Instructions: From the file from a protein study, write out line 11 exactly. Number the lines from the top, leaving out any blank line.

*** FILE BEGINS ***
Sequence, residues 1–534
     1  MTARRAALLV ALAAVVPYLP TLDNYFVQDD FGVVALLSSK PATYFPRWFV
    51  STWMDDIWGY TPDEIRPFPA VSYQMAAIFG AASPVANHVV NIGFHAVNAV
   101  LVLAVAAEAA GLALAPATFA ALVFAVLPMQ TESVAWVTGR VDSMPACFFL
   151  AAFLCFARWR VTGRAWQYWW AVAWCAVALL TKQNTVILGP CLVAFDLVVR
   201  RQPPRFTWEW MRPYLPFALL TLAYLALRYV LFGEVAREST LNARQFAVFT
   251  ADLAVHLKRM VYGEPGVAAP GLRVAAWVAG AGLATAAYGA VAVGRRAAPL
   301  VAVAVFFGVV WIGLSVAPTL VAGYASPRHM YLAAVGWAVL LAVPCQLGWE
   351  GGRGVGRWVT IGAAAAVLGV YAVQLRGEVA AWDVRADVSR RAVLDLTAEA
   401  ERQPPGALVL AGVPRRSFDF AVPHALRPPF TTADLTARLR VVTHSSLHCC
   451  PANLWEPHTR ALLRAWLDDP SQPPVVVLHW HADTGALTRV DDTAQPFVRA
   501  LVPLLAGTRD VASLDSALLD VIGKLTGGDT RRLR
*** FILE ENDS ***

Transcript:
   451  PANLWEPHTR ALLRAWLDDP SQPPVVVLHW HADTGALTRV DDTAQPFVRA